None of the above mushrooms, I don’t think, is part of a Honey Mushroom. In fact, I’m not much of a mycologist, and I have no idea what the pictured mushrooms are.
When we came home from the hike, we made a pasta dish using some tasty chanterelle mushrooms that a friend had gathered and dropped off the day before. Chanterelles grow in second-growth forest and haven’t been successfully cultivated, so they’re prized by mushroom lovers, and they are very protective of their gathering places. The only time someone took us chanterelle hunting, they all but blindfolded us, taking a very circuitous route to get there, and then leaving by another route.
For the first time last week, I had to squeegee the dewy condensation off my car windows, a sure sign of fall. It also made the proliferating spider webs into a shimmery patina on shrubs and anything else that hadn’t moved since midnight.
We spent Saturday hiking up to Lake Serene in the Cascade Mountains. See Outdoor Adventures for more, plus pictures.
We’ve settled into a nice fall weather pattern here, with some fog in the morning that lifts by midday. Just the sort of weather that you don’t want to leave in order to work a week in Milwaukee. I had that familiar feeling of angst as we flew out of Seattle this morning, seeing Rainier and the other volcanoes floating on their cushion of cloud. As we reached the east side of the Cascades, the fog layer cleared and exposed dark green valleys cosseting silver rivers, and high alpine meadows speckled with shimmering lakes.
This effect is softened quite a bit by the fact that, yesterday, we were lolling beside one of those lakes. Along with our son, we hiked the 3.6-mile trail up to Lake Serene. The trail is just off US 2 near Index. It seemed fairly steep, gaining just over 2,000 feet. I thought we were keeping a brisk pace, the natural result of our astonishing athleticism, but our kid kept pulling away from us. Hard to believe I used to carry him up trails like this.
I’m glad he likes hiking and the outdoors now. When he was younger, he disliked it intensely, and we either went alone, or just didn’t, so I don’t mind having to chase him a bit now - we’re finally on the same page about a lot of things and genuinely enjoying each other’s company.
On the drive home through rural Snohomish County, there was a sign (camera was in the trunk,dammit!) that said:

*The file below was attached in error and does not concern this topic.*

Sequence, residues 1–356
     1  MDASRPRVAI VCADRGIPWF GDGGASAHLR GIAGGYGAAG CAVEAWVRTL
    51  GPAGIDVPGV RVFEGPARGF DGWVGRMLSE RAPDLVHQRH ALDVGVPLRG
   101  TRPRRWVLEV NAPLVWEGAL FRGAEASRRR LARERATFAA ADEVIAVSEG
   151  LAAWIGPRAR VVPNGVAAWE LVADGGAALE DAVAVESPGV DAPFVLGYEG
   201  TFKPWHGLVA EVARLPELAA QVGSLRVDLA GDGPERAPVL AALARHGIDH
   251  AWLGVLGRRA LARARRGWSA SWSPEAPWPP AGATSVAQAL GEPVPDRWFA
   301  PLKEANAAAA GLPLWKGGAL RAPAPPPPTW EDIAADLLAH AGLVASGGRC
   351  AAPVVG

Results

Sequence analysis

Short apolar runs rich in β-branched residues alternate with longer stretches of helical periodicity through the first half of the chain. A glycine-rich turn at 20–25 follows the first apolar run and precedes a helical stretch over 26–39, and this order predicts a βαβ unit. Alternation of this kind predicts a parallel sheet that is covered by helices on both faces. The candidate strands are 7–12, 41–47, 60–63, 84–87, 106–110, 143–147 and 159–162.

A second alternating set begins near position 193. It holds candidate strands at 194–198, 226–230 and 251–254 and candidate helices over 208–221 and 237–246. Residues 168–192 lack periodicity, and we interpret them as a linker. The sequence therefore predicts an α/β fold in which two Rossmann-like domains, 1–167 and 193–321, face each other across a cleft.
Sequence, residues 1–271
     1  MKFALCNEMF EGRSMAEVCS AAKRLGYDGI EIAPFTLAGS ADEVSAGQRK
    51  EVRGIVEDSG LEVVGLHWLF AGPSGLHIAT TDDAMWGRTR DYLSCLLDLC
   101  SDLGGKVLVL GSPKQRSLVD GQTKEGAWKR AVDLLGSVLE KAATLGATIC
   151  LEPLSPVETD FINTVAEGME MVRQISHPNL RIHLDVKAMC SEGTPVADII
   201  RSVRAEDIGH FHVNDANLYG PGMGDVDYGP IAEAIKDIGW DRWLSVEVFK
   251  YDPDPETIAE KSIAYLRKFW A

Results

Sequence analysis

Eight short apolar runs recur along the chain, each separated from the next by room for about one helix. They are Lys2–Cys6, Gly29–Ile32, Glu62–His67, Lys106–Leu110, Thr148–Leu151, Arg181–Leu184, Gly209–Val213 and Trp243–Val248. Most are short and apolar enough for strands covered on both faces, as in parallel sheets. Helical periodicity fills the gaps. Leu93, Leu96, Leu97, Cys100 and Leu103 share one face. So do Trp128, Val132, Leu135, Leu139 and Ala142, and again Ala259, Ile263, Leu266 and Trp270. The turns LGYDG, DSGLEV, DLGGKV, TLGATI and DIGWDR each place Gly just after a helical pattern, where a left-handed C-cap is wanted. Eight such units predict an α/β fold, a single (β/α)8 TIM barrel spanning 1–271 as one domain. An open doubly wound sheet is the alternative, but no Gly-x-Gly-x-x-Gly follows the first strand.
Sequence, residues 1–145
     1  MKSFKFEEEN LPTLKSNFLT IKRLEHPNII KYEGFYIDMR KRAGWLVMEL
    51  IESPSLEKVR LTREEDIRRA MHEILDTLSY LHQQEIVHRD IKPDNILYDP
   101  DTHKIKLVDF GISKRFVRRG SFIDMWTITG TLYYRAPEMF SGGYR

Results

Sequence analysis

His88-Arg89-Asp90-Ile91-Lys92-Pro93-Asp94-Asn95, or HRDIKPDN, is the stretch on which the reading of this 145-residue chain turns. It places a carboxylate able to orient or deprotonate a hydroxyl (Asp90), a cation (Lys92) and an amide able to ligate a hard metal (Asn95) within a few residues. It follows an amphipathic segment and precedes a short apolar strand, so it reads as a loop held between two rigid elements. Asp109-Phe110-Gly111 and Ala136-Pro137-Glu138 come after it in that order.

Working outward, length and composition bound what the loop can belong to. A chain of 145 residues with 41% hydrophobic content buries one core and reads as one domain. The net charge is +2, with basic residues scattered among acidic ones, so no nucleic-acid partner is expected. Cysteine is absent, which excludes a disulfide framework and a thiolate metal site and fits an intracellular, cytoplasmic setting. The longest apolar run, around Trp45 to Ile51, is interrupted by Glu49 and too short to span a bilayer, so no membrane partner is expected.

Sign in front of a church in North Seattle, espied today (sorry, doc, didn’t have my camera):
God answers Knee Mail
Anyone else vote in person on Tuesday? When I walked into our polling place, the poll volunteers were the only people there. One of them exclaimed, “Look! A voter!”, and they were all over me with helpfulness. I thought they were going to buy me dinner.
Turnout in Washington was a little bit lighter for this primary because, for the first time, we are required to declare a party affiliation in order to vote in partisan contests, and we can’t cross over from race to race like we used to. The political parties pushed this change through last year. They’ve always resented not having control over who selects, or rubberstamps, their candidates, but they made a lot of people mad in the process. That, combined with the increasing propensity for folks to use absentee ballots, seems to be impinging on the quaint and sociable practice of exercising one’s franchise in a local polling place.
I’m sitting in my car in a parking space on Ballard Avenue, waiting for a group of friends to arrive so we can celebrate someone’s birthday at the Portalis wine bar. Serendipitously, I’m picking up a WiFi signal that’s just about as strong as the one I have at home, and I’m typing and surfing while I wait. I do feel sort of conspicuous - people are circling around looking for a parking space, and I can feel their hateful staring as I studiously ignore them. The owner of the deli I’m parked smack in front of is also more than idly curious, as I may be stealing both his customers AND his internet bandwith. So what. He’s welcome to come sit in front of MY house and surf on my signal.
OK, my group is here - I’ll rejoin normal society as as soon as I press Post.